Renting is about Instagrammable, look-at-me pieces. These business models are restricted by only usually having one item, in one size, so it could be difficult to scale the business. It also needs to have a lot of ‘must-have’, desirable items to keep up the demand.
MY WARDROBE HQ’s marketing offers a £1300 Victoria Beckham dress for £22 a day, which will surely get people thinking differently about the rental market. Is there enough incentive and motivation for the lenders, we’ll have to see, but with brands joining the mix, this could be the answer for these growing companies. The designer brands will probably want to keep it on the down low to avoid it eating into retail sales, or put the 'sustainable' spin on it, but it could be a good way of making money from last season’s stock.
Will you carry on lending? “For sure”. says Kate.
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Judging by the queue, Jeffrey, and his gang of club kids, is still the golden ticket for East London menswear. The status even matches his yellow hair job.
The catwalk featured dancers and props, which looked like they were there for the marriage of Sarah Brightman to that Starship Trooper she fell in love with.
Metres of tin foil and oxygen pipes mingled with men’s, women’s and anything-in-between wear in a collection which looked more accomplished and retail than ever before.
A standout was a denim jacket and matching jeans and also his tailoring for the contemporary Westwood-type customer.
Jeffrey just needs to be careful the amateurish elements don’t take the focus away from the important stuff, but the new push to way-out-there commercial certainly suits his design sensibilities.
What did TheChicGeek wear? Credits - Coat - Gloverall, Sweater - Kent & Curwen, Sunglasses - Retrosuperfuture, Watch - Kronaby, Shirt - Jigsaw, Shoes - Sperry, Belt - Coach
See LFWM Day 1 - here
See LFWM Day 2 - here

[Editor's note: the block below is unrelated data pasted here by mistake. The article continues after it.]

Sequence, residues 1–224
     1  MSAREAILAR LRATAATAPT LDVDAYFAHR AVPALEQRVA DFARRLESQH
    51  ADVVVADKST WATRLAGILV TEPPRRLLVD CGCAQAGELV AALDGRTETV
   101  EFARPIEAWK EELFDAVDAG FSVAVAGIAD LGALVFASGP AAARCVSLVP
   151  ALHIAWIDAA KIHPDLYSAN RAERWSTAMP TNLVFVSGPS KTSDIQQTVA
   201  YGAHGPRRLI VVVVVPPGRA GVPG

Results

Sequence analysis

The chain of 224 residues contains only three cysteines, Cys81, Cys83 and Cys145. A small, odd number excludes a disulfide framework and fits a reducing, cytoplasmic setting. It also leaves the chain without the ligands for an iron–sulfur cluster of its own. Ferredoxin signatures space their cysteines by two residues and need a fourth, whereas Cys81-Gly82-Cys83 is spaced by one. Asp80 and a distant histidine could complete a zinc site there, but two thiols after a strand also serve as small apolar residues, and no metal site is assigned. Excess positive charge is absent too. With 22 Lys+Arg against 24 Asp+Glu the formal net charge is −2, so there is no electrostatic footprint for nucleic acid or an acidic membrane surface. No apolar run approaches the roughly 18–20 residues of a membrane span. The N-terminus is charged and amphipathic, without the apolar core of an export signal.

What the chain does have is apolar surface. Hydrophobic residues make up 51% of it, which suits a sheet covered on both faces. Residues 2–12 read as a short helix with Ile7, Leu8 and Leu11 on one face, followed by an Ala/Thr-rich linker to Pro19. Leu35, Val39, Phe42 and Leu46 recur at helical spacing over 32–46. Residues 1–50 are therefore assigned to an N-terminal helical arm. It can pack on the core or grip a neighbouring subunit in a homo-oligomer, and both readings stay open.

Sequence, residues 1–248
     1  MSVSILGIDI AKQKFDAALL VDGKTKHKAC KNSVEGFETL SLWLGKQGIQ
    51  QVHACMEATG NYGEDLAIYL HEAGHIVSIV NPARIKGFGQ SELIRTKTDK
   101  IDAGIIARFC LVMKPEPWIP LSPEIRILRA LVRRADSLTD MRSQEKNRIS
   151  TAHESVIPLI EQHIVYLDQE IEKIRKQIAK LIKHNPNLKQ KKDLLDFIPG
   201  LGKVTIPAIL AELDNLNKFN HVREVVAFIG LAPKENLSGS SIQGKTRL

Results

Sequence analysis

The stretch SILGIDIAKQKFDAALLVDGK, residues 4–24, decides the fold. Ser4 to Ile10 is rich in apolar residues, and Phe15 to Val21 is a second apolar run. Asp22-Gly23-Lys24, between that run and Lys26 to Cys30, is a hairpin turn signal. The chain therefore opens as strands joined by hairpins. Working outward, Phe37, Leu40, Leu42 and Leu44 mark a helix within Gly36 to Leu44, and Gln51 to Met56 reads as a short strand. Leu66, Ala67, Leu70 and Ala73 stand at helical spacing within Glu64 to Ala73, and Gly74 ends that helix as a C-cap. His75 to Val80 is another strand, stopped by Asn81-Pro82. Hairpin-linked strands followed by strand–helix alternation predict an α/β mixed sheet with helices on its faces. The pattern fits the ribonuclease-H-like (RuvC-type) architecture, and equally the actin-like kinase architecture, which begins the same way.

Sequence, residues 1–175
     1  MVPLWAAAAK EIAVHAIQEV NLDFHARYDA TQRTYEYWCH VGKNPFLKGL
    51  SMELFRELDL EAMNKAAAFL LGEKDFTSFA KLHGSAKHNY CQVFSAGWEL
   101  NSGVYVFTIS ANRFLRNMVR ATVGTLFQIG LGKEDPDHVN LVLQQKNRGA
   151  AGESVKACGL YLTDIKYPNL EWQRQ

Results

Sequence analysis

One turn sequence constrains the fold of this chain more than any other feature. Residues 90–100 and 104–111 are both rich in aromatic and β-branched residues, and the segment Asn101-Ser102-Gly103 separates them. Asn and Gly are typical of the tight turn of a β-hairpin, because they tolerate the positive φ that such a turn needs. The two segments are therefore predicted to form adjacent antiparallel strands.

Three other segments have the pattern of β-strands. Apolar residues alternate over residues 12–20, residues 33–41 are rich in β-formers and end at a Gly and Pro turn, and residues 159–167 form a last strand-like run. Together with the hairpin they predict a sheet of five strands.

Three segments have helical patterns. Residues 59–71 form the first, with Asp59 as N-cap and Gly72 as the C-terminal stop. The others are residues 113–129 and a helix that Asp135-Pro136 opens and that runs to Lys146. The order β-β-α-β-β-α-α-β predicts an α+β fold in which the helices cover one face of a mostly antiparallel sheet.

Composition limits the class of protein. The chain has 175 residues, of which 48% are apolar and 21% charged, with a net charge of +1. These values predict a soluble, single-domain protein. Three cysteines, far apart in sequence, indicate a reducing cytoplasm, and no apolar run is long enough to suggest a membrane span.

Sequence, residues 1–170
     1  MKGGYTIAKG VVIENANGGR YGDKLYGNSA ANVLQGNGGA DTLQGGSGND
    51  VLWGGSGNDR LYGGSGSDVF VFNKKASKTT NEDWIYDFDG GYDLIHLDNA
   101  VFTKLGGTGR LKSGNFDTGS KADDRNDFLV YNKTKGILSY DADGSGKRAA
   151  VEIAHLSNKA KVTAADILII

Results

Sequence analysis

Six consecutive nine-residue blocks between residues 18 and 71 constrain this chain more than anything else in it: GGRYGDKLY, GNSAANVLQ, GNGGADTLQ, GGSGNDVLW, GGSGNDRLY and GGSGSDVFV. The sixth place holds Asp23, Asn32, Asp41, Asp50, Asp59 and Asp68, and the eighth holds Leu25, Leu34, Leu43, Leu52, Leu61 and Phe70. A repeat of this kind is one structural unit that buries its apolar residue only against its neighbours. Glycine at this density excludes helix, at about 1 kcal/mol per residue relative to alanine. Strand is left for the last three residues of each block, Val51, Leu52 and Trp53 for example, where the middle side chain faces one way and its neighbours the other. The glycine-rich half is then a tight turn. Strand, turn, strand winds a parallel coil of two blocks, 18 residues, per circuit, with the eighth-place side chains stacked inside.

Coach introduces a new fragrance for men. It is said to have a New York attitude and an American authenticity. Coach For Men starts with an energetic top note of crisp and effervescent green Nashi pear. A spicy burst of cardamom adds warmth, complexity and a subtle touch of sweetness. The scent ends with a textured base of vetiver—earthy, woody and green—layered with hints of suede and ambergris.
Left - One of the best bottles I've seen this year Coach For Men
TheChicGeek says, “In the battle for mainstream luxury - which is where all the money is BTW - Coach have a real energy right now. They feel like they are leading, rather than following, and have, finally, made Coach a recognised and desired brand in the UK and Europe.
This is their first men’s fragrance under their new license deal - they were previously with Esteé Lauder.
I really like the packaging: the ombré flacon and embossed logo with the name on the a leather tag is strong yet subtle branding. Even the textured calf-skin-like finish on the box is a nice touch.
The juice is commercial, but, that’s expected. The best bit is the dry down which soft and warm and without anything jarring or dominating.
The face is James Franco. I thought they would have chosen somebody a bit younger. Coach has been pushing a more collegiate, youthful feel and James Franco, pushing 40, is a bit done and has been used by other brands before. I personally think of Chloe Moretz and Brooklyn Beckham as Coach’s target image now: young and cool. But, this fragrance certainly works on its own."
Right - Too old for the new Coach? The Coach For Men face James Franco.
Coach For Men - Out 12th September 2017 40ml - 100ml - £29 - £62
You walk into the new Coach store on Regent Street and the first thing to confront you is Rexy, Coach’s T-Rex dinosaur. This isn’t the replacement for Dippy the Diplodocus, the Natural History Museum’s famous dinosaur, which is going on a regional tour, but it’s just as magnetic.
Left - Putting the sexy into Rexy!
The new store is impressive. It feels like a one-off. Coach has always been a perfectly acceptable, mid-market and luxury with a small l, brand.
Right - The handbags move around the Heath Robinson-type contraption
But, with this new store they’ve really stepped it up a gear. It shows a Creative Director - Stuart Vevers - putting himself into the brand and being allowed to do so. What they’ve done is thought about injecting personality and identity rather than focus solely on ‘luxury’.
So many brands get fixated on luxury and forget about identity and personality. For some, it’s all about the Carrara marble and shiny finishes and they’ve started to look soulless, empty and, ultimately, boring.
Left - Coach Regent Street's giant Rexy is going to be auctioned off
The new Coach store has a mechanical track with bags running along it, a giant pink neon dinosaur in the window and special product, downstairs, designed with British tourist badges and travel souvenir symbols. It’s fun without being gimmicky. It feels like somebody has thought about it rather than simply rolling out a format the world over. Yawn.
In contrast, I popped into the new handbag hall in Selfridges. The biggest in the world, when finished, it has all the usual suspects: Valentino, Celine, Balenciaga, Chanel, Burberry, all with their signature shop-fits. It all feels so predictable and formulaic. The only one of interest was Gucci with a mosaic floor featuring their, now, signature wasps.